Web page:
Intracellular networks in bacteria
Bacteria are constantly sensing their environments and adjusting their behavior accordingly. Signaling occurs through networks of proteins and nucleic acids, culminating in changes of gene expression and so changes in the proteome of the cell. We are focused on the architecture of these intracellular networks. What is the relation between network architecture and function? For example, can we understand the selection of architectures in terms of general information-processing concepts such as signal to noise, memory, and adaptation? Even in a single bacterium such as E. coli, there are hundreds of coexisting networks. Our belief is that a deep study of a small number of "model" networks will yield general tools to analyze information processing by cell. It is important to choose these model networks carefully. The network components should be well characterized and the physiological function of the network should be known and subject to quantitative measurement. Probes of the internal dynamics of the network such as fluorescence resonance energy transfer (FRET) or direct imaging of dynamic spatial structure, will be critical in developing and testing quantitative models. It will also be important to choose networks which complement each other well, spanning a broad range of architectures and functions. A preliminary list includes (i) quorum sensing, in which the cell slowly integrates signals from its neighbors to commit to a developmental decision such as invasion of a host, (ii) chemotaxis, which requires adaptation and rapid response to changing chemical concentrations, (iii) cell-division networks, where accuracy and checkpoints are essential, and (iv) metabolic networks which tie together diverse inputs to maintain homeostasis.
Bacteria communicate with each other by diffusible chemical signals. These signals allow bacteria to detect their own population density and, at high enough density, to undertake collective activities such a light production or invasion of a host. We collaborate with the group of Professor Bonnie Bassler (our neighbors) to study the signaling pathway in a number of species including the human pathogen Vibrio cholerae. The quorum-sensing pathway in Vibrios has many features, including coincidence detection and signal averaging, designed to assure robust, high-fidelity signal transduction despite fluctuations both in the environment and in internal protein concentrations. Quorum sensing is a model for developmental decisions, in which multiple signals are integrated over time, culminating in commitment to a particular cell fate.
Chemotaxis networks in bacteria allow cells to swim toward attractants such as amino acids or sugars, and away from repellents. In the well-studied case of E. coli, cells perform chemotaxis by detecting temporal changes in their chemical environment and transducing this information into a decision to swim straight or change direction (tumble). The chemotaxis system is remarkable for its high sensitivity to small relative changes in chemical concentrations, over a range of up to five orders of magnitude of concentration. The range of sensitivity depends on an adaptation system in which receptors are actively methylated and demethylated at specific modification sites. Adaptation in chemotaxis is both precise, i.e. cells return precisely to the same rate of tumbles, and robust with respect to the stimulus strength and to variations in the levels of chemotaxis proteins. Motivated by the in vivo FRET studies of receptor activity done by Howard Berg and Victor Sourjik at Harvard, we have developed a model for chemotaxis signaling based on mixed clusters of chemotaxis receptors. We continue to collaborate with the experimental group of Professor Victor Sourjik (now at Heidelberg) to understand the remarkable signaling properties of the chemotaxis network.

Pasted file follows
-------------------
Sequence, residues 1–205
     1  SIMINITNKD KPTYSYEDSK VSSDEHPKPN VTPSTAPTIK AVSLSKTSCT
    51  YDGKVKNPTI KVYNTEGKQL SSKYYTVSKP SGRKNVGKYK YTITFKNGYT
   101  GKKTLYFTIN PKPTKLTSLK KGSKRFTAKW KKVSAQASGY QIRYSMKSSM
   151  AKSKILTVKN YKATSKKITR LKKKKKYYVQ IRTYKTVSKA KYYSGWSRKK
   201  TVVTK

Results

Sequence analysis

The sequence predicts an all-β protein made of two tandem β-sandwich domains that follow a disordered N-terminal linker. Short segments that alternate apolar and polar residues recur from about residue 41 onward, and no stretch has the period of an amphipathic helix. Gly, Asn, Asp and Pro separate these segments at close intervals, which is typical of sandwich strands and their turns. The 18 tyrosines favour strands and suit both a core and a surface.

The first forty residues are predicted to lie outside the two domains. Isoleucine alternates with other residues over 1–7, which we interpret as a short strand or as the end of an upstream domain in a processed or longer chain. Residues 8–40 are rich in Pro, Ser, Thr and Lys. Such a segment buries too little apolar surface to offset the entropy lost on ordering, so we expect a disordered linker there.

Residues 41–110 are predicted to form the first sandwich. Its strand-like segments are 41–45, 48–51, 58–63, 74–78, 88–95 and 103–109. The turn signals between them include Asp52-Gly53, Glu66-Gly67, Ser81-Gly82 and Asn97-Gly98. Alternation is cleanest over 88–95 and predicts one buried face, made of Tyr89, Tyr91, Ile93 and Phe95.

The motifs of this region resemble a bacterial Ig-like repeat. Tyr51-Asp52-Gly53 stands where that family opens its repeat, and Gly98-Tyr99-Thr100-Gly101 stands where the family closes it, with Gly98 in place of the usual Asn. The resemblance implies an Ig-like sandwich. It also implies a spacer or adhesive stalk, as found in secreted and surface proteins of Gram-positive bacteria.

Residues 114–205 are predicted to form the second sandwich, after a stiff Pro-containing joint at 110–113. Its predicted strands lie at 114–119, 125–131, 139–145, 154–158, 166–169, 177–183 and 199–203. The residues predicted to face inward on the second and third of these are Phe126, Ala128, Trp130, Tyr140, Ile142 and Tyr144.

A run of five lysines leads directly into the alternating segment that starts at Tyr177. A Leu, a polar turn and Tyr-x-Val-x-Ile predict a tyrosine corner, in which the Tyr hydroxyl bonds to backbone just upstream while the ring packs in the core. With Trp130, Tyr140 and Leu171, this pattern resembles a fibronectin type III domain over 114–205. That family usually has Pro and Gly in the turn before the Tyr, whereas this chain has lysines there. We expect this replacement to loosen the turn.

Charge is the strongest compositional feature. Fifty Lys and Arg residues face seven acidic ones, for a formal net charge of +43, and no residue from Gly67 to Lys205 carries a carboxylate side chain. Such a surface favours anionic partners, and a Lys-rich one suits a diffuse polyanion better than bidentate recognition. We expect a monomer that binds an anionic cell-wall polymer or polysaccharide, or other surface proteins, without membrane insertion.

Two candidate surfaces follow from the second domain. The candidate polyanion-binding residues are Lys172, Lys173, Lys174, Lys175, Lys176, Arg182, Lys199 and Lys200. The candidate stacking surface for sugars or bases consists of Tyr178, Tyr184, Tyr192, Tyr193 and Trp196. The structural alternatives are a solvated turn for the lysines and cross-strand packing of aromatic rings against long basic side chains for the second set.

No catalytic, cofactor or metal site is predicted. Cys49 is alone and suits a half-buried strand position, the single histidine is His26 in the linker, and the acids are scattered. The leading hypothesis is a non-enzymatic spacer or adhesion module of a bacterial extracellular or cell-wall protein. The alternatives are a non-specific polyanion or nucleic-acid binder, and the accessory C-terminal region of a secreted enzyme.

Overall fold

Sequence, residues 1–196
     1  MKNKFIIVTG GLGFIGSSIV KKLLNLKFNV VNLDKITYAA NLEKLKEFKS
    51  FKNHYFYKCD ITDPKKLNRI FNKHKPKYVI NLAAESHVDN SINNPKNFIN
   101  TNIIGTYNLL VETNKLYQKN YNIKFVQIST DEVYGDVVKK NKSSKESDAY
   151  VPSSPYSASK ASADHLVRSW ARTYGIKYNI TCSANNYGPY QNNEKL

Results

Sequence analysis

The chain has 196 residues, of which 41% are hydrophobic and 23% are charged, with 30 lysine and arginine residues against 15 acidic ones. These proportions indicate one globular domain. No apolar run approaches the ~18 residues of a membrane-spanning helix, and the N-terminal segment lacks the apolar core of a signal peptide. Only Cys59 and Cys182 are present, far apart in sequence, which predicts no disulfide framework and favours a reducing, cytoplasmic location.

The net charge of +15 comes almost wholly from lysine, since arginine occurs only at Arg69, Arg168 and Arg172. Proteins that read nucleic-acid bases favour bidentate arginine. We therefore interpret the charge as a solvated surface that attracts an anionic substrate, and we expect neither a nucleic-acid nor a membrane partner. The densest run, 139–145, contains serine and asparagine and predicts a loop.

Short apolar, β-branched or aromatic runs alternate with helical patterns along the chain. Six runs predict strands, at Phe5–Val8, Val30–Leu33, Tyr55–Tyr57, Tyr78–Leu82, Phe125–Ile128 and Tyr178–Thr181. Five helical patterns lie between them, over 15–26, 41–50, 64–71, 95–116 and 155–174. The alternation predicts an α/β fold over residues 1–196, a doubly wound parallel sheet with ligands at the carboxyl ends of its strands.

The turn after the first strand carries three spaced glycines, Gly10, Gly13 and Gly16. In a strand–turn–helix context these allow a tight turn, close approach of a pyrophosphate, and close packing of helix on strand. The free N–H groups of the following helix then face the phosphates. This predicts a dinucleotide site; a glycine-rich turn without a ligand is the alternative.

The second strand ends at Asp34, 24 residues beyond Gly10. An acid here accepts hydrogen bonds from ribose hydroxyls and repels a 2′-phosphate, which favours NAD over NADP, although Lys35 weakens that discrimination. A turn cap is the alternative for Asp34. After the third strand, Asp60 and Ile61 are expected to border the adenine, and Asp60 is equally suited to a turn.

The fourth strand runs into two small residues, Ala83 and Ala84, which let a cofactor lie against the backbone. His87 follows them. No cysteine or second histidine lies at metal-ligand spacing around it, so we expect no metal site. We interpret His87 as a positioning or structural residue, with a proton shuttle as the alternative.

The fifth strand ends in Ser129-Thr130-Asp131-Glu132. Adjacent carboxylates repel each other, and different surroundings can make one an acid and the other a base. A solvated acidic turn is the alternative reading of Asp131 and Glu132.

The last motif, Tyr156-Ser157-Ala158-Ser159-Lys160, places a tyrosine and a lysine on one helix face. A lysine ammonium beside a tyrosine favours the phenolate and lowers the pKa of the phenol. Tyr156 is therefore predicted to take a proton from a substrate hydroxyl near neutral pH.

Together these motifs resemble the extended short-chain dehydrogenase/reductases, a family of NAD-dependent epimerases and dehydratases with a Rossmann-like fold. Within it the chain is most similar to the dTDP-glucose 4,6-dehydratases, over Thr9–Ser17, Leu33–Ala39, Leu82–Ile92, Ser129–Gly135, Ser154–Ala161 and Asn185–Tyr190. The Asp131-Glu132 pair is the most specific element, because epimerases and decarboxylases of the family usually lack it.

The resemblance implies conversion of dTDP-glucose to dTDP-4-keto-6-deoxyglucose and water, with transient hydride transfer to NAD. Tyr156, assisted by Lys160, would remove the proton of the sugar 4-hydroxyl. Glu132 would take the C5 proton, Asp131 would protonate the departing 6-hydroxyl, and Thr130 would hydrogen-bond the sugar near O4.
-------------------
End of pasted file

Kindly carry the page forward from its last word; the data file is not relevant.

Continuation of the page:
Cell division requires the proper spatial and temporal organization of numerous division proteins. In the bacteria E. coli and B. subtilis, division into equal daughter cells is measured to be accurate to within a few percent. How do these cells recognize their own shapes and engineer accurate division? We study a number of systems involved in cell division in bacteria, including the Min system that helps position the division apparatus at midcell. The Min proteins in E. coli form a spatial oscillator based on a Turing instability. Our modeling results indicate that the Min oscillations can spontaneously orient along the long axis of cells, even in nearly round cells (cocci). We continue to study the Min system, and other systems involved in protein targeting. In addition, we are collaborating with the group of Professor Zemer Gitai (our other neighbors) on cell division in Caulobacter crescentus. In this species, the two daughter cells have distinct cell fates, a sessile stalked cell and a motile swarmer cell, and cell division is reliably unequal, favoring the stalked cell. The asymmetric cell division in Caulobacter is likely to be a source of insight into the mechanisms of spatial organization at work in bacteria.
Metabolism is the central network of all organisms. While the pathways and enzymes of metabolism have been well studied, there are many open questions about how cells respond dynamically to changes in their nutrient environment. We focus on nitrogen metabolism in bacteria as a tractable sub-system for modeling. The metabolic pathways for nitrogen utilization are relatively simple and the regulatory system, while complex, has been well studied. We believe that the nitrogen system contains the essential features, e.g. failsafe regulatory architecture, sophisticated dynamic control, critical for a general understanding of metabolism. Our modeling studies are complemented by experimental work being done at Princeton in the groups of Professors Josh Rabinowitz (mass spectroscopy) and David Botstein (microarray studies of gene expression).